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Reviewed by:
  • North Korea: Another Country
  • Graeme P. Auton (bio)
North Korea: Another Country, by Bruce Cumings. New York: New Press, 2004. 256 pp. $24.95 cloth, $15.95 paper.

A quarter century has gone by since publication of the first volume of Bruce Cumings's landmark Origins of the Korean War, a solid, beautifully argued, and meticulously documented study that established its author as among the premier Korea scholars in the United States.1 Cumings's North Korea is different—part popular history, part polemic, and part personal testimony, qualities that make it accessible to general reader and specialist alike. The book will not please—and has not pleased—conservative readers, most of whom will see it as an apologia for the North, soft-pedaling Pyongyang's atrocious human rights record, its disregard for the welfare of its own people, and its addiction to dangerous and destabilizing weapons programs. Nonetheless, this short volume provides a useful and necessary antidote to much of the media hype with which the American public has been inundated regarding North Korea, a hype that—as Cumings points out—has been exacerbated by the usually subtle but entrenched racism that informs mainstream American understanding of all things Korean.2 Equally important, the book traces the tunnel vision of a U.S. policy-making community that has been unable to see North Korea for what it really is and so has been unable to effectively promote either long-term American interests in Northeast Asia or the robust implementation of global nuclear nonproliferation guidelines. As this review is being written, more than two years after the release of Cumings's book, the world has been rocked by North Korea's announcement of a successful nuclear test.3 It is difficult to escape the judgment that we would not have arrived at this state of affairs if the lessons spelled out by Cumings had been more widely understood.

While Americans have pushed from their minds the "forgotten war" that ravaged the Korean Peninsula between June 1950 and July 1953, that conflict—as Cumings stresses in North Korea's first chapter—is an important backdrop and haunting precedent to almost everything that has happened subsequently. To Americans who still remember the war there is a nagging but oft neglected problem: "unlike Saddam Hussein invading Kuwait, or Bush invading Iraq, Koreans invaded Korea." For Koreans, north and south, what occurred was a civil war "between two conflicting social and economic systems," the indeterminate resolution of which yielded a sustained focus on reunifying the peninsula in both Pyongyang and Seoul.4 Yet this perspective is largely ignored in Washington and in the informed elements of the American public.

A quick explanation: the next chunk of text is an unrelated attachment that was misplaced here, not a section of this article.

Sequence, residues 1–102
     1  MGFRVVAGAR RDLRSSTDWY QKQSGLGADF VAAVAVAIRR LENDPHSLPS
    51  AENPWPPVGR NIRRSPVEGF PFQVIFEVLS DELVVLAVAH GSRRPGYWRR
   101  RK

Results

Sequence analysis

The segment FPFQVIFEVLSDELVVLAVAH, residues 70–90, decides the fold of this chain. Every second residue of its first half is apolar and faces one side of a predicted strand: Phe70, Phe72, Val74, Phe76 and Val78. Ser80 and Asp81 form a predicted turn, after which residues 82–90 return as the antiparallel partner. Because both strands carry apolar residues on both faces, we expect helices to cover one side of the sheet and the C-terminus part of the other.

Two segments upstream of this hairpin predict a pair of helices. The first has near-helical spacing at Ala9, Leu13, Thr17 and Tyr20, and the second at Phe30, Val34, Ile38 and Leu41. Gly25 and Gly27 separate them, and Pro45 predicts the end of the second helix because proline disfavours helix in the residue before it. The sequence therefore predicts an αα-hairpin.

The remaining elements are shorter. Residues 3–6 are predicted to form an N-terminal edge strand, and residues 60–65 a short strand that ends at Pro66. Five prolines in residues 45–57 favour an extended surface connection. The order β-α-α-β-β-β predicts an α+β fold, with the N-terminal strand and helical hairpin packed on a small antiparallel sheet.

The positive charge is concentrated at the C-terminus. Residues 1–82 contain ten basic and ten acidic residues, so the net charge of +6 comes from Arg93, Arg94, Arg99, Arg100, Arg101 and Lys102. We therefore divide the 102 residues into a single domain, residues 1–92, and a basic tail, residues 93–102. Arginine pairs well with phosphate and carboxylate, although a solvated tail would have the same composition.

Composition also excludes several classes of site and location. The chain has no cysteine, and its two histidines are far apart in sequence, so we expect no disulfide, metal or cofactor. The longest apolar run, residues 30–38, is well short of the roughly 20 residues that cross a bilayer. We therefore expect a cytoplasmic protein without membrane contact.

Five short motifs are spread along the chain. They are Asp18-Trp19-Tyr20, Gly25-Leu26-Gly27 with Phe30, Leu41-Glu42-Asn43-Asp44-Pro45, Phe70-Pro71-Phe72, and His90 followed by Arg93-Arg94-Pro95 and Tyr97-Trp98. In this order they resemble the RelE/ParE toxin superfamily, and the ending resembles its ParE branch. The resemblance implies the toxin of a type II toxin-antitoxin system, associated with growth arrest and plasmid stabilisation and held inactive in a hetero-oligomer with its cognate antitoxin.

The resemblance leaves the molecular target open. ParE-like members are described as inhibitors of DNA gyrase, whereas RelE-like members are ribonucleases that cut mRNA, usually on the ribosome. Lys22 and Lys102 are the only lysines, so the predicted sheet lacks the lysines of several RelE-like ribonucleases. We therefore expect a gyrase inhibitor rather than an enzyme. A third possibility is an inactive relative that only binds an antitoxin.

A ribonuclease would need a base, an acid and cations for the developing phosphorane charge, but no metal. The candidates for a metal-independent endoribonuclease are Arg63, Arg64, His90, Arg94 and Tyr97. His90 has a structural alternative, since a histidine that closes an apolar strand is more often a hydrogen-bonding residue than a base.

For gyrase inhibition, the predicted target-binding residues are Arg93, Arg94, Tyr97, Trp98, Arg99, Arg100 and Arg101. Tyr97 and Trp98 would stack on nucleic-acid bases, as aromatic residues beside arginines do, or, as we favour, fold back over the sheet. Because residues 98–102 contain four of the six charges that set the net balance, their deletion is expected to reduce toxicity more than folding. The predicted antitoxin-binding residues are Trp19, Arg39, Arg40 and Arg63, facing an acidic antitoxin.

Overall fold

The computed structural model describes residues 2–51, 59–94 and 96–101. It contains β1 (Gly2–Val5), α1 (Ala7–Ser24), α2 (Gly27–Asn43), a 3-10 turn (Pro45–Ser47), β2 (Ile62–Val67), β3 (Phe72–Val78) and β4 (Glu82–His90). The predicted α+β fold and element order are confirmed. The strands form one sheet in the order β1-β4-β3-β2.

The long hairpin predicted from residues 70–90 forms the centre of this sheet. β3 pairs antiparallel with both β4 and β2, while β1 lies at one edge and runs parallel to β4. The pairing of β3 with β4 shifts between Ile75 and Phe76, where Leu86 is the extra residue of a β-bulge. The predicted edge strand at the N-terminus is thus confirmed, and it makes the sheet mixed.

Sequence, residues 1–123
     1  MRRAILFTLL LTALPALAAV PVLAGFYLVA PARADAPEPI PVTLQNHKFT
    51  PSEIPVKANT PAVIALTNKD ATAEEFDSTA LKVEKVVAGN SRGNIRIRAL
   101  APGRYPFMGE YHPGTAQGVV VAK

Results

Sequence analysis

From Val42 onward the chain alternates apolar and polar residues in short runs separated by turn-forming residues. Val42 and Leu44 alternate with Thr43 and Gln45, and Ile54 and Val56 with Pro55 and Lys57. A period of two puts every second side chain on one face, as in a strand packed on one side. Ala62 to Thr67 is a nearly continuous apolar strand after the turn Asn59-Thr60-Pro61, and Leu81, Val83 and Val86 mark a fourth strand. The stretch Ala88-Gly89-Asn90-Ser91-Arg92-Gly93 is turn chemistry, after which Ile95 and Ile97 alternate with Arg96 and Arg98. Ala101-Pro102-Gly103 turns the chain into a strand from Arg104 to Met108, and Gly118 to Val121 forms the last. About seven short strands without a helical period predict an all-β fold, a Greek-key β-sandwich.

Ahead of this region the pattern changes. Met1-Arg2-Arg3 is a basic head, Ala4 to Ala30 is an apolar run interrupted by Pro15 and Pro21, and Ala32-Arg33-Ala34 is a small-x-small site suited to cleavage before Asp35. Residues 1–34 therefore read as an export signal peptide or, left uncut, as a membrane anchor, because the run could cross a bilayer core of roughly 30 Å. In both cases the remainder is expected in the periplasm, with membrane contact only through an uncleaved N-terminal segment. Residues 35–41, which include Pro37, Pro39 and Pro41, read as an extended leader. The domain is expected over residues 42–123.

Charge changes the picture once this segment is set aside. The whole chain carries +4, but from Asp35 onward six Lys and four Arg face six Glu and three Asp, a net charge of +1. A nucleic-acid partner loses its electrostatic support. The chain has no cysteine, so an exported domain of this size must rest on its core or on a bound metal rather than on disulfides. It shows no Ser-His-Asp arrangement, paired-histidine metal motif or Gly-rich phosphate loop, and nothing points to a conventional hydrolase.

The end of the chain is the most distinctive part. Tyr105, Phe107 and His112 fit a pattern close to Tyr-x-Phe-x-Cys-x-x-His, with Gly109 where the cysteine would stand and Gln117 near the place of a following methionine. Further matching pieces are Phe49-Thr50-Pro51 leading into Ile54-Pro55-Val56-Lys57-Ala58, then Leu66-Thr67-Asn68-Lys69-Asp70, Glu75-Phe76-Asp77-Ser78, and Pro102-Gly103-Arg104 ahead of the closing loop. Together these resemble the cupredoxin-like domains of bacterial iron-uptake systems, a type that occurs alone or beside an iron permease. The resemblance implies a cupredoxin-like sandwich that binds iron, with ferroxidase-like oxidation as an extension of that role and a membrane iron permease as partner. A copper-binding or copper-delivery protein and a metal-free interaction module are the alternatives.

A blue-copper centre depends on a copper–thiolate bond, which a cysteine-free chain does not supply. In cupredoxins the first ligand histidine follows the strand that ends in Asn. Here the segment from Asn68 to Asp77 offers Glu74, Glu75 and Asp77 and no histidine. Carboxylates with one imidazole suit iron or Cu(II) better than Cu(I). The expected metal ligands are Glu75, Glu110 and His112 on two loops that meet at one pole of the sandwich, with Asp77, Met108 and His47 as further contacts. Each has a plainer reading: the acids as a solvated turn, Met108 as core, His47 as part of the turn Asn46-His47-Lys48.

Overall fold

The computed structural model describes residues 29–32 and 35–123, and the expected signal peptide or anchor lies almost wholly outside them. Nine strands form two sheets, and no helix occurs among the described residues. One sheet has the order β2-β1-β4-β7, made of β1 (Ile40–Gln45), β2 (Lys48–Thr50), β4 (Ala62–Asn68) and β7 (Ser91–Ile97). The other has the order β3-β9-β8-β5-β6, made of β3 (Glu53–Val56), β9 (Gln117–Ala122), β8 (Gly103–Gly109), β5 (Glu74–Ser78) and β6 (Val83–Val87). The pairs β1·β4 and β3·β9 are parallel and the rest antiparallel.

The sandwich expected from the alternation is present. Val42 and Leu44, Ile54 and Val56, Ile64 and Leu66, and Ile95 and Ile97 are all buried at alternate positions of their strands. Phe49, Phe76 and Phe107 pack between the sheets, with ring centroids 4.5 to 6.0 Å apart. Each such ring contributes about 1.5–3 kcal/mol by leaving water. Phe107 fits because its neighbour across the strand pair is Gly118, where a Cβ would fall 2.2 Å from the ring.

The importance of the 1950-53 war as part of the template defining the present goes beyond this, however, and Cumings elegantly puts forth those other aspects of its legacy that Americans have conveniently forgotten: the relentless U.S. bombing campaign, which removed many North Korean cities (or large [End Page 100] portions of them) from the map, and which explains Pyongyang's current obsession with putting so many of its assets underground; the South Korean terror campaign during the brief occupation of the North, which was no less ruthless than that mounted by Kim Il Sung; the Truman administration's abrupt revision of its war goals, exceeding its U.N. mandate, following the landing at Inchon; the ill-considered and provocative policy advice of Douglas MacArthur, including his plan to drop "between 30 and 50 atomic bombs . . . strung across the neck of Manchuria" in order to seal off China from the Korean Peninsula; and the persistent refusal of Seoul and Washington over the years to move beyond the July 1953 armistice to a negotiated peace treaty. This history is ignored by those who evaluate the current impasse between the DPRK and the United States as emerging tabula rasa from the policy issues that have consumed the two sides over only the past ten or twenty years.5 Historical amnesia reinforces the stereotyping that reduces the North's leadership to "mad dogs" and "lunatics."6

Such is particularly the case with the North Korean nuclear crisis, now in the throes of its culmination...


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